Again and again Thonet’s furniture and designs become the inspiration for artists and designers. But also the family themselves were incredibly devoted to the arts. Thus for example very striking designs have been attributed to August Thonet, and he also composed music.

Rocking chairs

As well as the classic coffee house chair, the rocking chair established Thonet’s worldwide reputation. Both became the epitome for innovative bentwood technology. In spite of the large-scale production, these chairs, manufactured in a wide variety of forms, convey comfort and warmth. No other industrial product for the home was as successful in becoming such a large part of living culture in the 19th and 20th centuries.

Some objects

All objects in overview.

Dressing Table Mirror No. 1, ca 1880

The Thonet company produced two editions of the dressing table mirror: No. 1 which is shown here, which was produced from1865/66 and the No. 2, which was produced from about 1885. Here the base frame from Flower stand No. 1 was used. The indentations left and right were for candles, so that the mirror could be illuminated. The three trays are hollow and closed with a lid. They were used for storing accessories.

Rocking Chair No. 7500

The rocking chair No. 7500 with and without arm rests is one of the most elegant developments in the area of bentwood furniture. Initially it was made without armrests, but with them from 1876 onwards.Itwas shown in an illustration for the World Exhibition in Philadelphia. Presumably it was one of August Thonet’s designs. After 1879 the model without armrests was no longer offered.

Experts consider this rocking chair one of the most ingenious designs of the Thonet company, with a level of comfort and elegance that couldn’t be beaten. The ease of the swinging side elements conveyssomething,just by looking at it, of the feeling of the swinging motion that the user experiences.

The rocking chair was only produced in relatively small numbers. Series production was ceasedin 1914 and the last piece was made in 1921. Whilst in all Thonet factories from 1861 until 1914, approximately 693,000 rocking chair itemswere made, the total number of rocking chairsNo. 7500 produced only amounted to 8,000. This explains why they are some of the most desired collector’s pieces today.

Dressing Table Mirror ‘Psyche’

The dressing table mirror ‘Psyche’ was available with or without an underneath support. It was also possible to have it suppliedwithout the glass, so that the customer could order to their individualrequirements at a glaziers.

On the one hand this piece showsapreference for historicism, forusing richly decorated, ornamental designs. On the other hand it shows the impressive possibilities forwood bending. Whilst mass production made up a considerable source of income for the company Thonet, the needs of the middle classes were met with this type of furniture.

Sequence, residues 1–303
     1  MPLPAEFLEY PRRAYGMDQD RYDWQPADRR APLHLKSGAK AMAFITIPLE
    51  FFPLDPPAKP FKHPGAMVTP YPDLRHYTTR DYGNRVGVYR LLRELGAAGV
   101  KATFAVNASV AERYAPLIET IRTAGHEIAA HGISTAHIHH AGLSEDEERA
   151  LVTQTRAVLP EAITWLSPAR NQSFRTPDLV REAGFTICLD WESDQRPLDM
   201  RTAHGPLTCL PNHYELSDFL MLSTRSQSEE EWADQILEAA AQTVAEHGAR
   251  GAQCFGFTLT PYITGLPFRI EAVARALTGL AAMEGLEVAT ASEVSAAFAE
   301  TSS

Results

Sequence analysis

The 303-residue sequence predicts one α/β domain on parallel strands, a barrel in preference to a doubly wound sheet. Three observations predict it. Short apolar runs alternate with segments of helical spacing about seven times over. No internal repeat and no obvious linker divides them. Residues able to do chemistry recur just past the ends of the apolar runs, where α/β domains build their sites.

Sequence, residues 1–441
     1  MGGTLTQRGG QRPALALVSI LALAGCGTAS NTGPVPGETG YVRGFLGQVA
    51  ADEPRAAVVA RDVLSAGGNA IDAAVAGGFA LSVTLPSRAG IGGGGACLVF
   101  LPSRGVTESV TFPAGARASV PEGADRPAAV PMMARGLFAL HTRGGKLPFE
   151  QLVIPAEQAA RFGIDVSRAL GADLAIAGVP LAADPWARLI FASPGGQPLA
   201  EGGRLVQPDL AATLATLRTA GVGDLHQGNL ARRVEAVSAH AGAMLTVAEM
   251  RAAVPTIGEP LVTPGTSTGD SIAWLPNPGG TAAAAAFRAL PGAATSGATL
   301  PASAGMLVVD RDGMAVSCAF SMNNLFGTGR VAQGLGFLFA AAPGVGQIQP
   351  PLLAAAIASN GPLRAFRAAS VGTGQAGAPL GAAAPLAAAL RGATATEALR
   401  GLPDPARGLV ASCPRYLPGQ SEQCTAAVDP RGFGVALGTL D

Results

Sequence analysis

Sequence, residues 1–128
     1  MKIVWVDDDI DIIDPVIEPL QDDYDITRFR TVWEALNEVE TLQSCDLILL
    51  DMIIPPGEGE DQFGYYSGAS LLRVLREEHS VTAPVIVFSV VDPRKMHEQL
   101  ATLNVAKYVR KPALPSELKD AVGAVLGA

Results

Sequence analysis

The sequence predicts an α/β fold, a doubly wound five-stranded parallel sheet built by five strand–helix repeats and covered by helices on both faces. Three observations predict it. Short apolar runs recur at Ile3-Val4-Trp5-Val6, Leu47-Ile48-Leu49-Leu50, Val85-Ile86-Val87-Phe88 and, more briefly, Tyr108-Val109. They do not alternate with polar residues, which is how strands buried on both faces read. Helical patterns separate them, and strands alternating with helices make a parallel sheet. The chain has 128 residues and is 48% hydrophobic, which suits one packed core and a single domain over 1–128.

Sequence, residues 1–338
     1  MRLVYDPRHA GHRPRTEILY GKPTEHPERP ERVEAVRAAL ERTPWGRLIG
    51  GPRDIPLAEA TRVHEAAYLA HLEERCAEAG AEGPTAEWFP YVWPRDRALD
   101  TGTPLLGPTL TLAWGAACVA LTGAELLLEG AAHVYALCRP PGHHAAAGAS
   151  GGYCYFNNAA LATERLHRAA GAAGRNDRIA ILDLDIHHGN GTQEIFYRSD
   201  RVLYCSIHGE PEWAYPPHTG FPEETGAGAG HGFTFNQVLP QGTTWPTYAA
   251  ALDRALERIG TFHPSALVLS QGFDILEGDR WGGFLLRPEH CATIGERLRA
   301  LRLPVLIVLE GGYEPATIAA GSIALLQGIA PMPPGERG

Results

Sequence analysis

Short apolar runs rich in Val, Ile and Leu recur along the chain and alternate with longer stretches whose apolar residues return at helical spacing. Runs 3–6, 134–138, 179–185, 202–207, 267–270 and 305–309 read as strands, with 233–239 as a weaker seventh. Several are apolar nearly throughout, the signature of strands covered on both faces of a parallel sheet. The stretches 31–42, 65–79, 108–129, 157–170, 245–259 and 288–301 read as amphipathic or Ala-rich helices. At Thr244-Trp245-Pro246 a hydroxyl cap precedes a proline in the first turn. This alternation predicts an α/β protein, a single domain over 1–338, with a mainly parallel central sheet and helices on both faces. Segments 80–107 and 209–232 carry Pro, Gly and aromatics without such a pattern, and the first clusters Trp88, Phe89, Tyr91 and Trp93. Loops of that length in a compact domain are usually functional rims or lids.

Dolls furniture

Overview of all dolls furniture. 

Dolls furniture Fauteuil No. 1, ca 1900

The first products of dolls furniture were armchair, bench seat, swings, table with a braided top and a cradle in the Thonet sales catalogue of 1886. From May 1888 there followed a second series, where the backrests as on bench seat No. 2 had the design of Chair No.56 with vertical rods. These pieces of furniture with a scale of 1:12 are thus somewhat bigger than the doll’s house furniture of the first series.

View of the 20th century

Le Chateau d’eau and Plaza, with Palais de l’Electricité, Exposition Universelle, 1900, Paris

Both Gebrüder Thonet as well as their biggest competitor, the company Jacob und Josef Kohn exhibited at the world exhibition which took place in Paris in 1900.

Kohn switched to committing themselves to the designs of renowned art nouveau architects earlier than Thonet did. From then on Kohn did not only offer anonymously produced mass articles, but also furniture designed by artists. Bentwood furniture designed by architects from Viennese workshops – Adolf Loos, Gustav Siegel, Otto Wagner, Josef Hoffmann and Koloman Moser –turned up in their premises.

Thonet did not have new chair styles designed by architects until 1905. Marcel Kammerer, a pupil of Otto Wagner, designed the furniture forthe extension of the Hotel Wiesler in Graz in 1909.

Since 1928 Thonet had also been producing models made of bent tubular steel.These were designed by, amongst others,Bauhaus architects Mart Stam, Le Corbusier, Mies van der Rohe and Marcel Breuer. The cantilever tubular steel chair became a classic of a new era. It embodied functionality, transparency and lightness. In this way the cantilever chairput into practice the principles of New Objectivity, demanded by the Avant-garde, in the most succinct way.